Warning on diabetes drugs, approval of adjuvant flu vaccine

This update covers a warning on sodium-glucose cotransporter-2 inhibitors and approval of a trivalent vaccine for the prevention of seasonal influenza in people age 65 years and older.

Recalls and warnings

A warning on sodium-glucose cotransporter-2 (SGLT2) inhibitors about the risks of ketoacidosis and serious urinary tract infections. These warnings will be added to the labels of medicines in this class, such as canagliflozin, dapagliflozin, and empagliflozin. In a safety review, the FDA identified 73 cases of ketoacidosis in patients with type 1 or type 2 diabetes treated with SGLT2 inhibitors and 19 cases of life-threatening urosepsis and pyelonephritis that started as urinary tract infections. All 19 patients were hospitalized, and a few required admission to an intensive care unit or dialysis.

Photo by Thinkstock
Photo by Thinkstock

A warning of potential contamination of certain lots of baclofen active pharmaceutical ingredient (API) manufactured in China by Taizhou Xinyou Pharmaceutical & Chemical Co. The affected APIs may be at risk for contamination with particulates and should not be used to compound sterile injectable drugs. If patients use or receive injectable drug products compounded with the affected baclofen, especially when administered directly into the spinal column, serious injury may occur.


A trivalent vaccine (Fluad) for the prevention of seasonal influenza in people ages 65 years and older. This is the first flu vaccine to contain an adjuvant and is produced from 3 virus strains (2 subtype A and 1 type B). In a trial of 7,082 older participants, the new vaccine and an existing one (Agriflu) induced comparable antibody levels. Safety was evaluated in about 27,000 additional older adults, and no safety concerns were identified. The most common adverse events include injection site pain and tenderness, muscle aches, headache, and fatigue.

A new indication for nivolumab (Opdivo) to treat patients with metastatic renal-cell carcinoma who have received an anti-angiogenic agent. In a study of 821 patients, those treated with nivolumab lived almost 6 months longer than those on everolimus, and 21.5% of them saw shrinkage of their tumors, compared to 3.9%. The most common side effects of the drug for this indication are asthenic conditions, cough, nausea, rash, dyspnea, diarrhea, constipation, decreased appetite, back pain, and arthralgia. Clinicians should also be aware of immune-mediated side effects that can result from the immune system effect of this medication. The drug was previously approved for melanoma and non-small-cell lung cancer.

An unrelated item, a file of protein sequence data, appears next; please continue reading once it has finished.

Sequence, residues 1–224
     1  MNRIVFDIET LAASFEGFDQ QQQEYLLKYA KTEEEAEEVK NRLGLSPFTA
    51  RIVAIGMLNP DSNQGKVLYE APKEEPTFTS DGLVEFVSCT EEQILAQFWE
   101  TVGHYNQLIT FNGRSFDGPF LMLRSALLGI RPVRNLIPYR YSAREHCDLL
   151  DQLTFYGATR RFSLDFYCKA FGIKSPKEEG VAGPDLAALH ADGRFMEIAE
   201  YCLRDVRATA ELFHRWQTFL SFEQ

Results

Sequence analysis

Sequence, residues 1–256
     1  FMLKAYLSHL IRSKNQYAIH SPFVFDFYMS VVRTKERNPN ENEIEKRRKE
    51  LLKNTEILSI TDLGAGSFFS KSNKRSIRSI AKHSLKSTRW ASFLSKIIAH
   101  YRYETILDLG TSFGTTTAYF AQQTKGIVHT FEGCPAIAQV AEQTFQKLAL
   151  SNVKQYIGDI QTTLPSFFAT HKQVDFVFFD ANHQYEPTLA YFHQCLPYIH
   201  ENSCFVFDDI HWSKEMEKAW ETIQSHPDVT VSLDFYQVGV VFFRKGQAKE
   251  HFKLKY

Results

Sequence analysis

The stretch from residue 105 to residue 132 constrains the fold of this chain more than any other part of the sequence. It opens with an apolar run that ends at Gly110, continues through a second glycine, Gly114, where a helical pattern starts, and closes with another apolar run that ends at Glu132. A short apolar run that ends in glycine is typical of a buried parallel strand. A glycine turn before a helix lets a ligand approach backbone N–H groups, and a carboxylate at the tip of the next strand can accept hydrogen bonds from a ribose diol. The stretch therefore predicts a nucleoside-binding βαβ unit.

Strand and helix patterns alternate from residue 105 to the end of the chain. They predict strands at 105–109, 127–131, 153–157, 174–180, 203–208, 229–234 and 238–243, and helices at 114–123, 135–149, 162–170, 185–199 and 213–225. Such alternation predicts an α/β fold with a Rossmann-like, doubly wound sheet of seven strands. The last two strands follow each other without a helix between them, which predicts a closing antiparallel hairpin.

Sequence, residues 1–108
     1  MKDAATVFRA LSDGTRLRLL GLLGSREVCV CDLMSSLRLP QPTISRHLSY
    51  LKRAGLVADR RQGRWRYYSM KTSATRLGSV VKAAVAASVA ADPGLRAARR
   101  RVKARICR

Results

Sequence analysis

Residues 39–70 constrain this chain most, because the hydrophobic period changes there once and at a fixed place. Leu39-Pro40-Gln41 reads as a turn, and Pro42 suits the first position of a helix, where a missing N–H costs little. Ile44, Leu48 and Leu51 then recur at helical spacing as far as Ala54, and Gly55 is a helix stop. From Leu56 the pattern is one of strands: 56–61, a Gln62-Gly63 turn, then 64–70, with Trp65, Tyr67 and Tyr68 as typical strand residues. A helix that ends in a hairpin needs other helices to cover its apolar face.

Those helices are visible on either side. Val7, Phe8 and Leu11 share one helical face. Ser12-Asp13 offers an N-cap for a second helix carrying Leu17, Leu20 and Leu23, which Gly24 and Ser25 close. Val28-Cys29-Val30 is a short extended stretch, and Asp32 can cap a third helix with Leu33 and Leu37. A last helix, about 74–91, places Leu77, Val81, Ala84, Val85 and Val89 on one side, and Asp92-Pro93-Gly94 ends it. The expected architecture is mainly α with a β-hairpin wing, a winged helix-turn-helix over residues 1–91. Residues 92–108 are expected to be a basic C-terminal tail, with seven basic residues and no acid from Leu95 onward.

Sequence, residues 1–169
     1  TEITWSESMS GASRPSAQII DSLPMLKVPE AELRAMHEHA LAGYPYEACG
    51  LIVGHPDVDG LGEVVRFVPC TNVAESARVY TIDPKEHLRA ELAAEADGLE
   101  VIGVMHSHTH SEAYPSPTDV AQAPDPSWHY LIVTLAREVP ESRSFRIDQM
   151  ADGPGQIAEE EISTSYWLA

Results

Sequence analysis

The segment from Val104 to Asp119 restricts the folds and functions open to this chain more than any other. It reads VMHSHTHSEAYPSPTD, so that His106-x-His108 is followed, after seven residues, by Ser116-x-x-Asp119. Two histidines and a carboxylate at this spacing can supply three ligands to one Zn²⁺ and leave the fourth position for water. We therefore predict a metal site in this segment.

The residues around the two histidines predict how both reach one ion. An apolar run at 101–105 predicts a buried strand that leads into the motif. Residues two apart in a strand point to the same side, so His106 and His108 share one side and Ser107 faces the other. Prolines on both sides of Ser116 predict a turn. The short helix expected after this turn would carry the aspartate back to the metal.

Alectinib (Alecensa) to treat metastatic anaplastic lymphoma kinase (ALK)-positive non-small cell lung cancer after unsuccessful crizotinib (Xalkori) therapy. The oral medication blocks the activity of the ALK protein. In 2 clinical trials, 38% and 44% of participants experienced a partial shrinkage of their lung tumors, an effect that lasted an average of 7.5 months and 11.2 months, respectively. The most common side effects were fatigue, constipation, edema, and myalgia. In the 2 trials, 61% of participants who had measurable brain metastases experienced a complete or partial reduction in their brain tumors that lasted an average of 9.1 months. Serious side effects include liver problems, severe or life-threatening inflammation of the lungs, very slow heartbeats, and severe muscle problems. Treatment may also cause sunburn when patients are exposed to sunlight.

Necitumumab (Portrazza) in combination with 2 forms of chemotherapy to treat metastatic squamous non-small-cell lung cancer. In a clinical study of 1,093 participants who received gemcitabine and cisplatin with or without necitumumab, those taking the drug lived longer on average (11.5 months) compared to those only taking the 2 chemotherapy drugs (9.9 months). The most common side effects were skin rash and hypomagnesemia. The drug has a boxed warning alerting clinicians of its serious risks, including cardiac arrest and sudden death.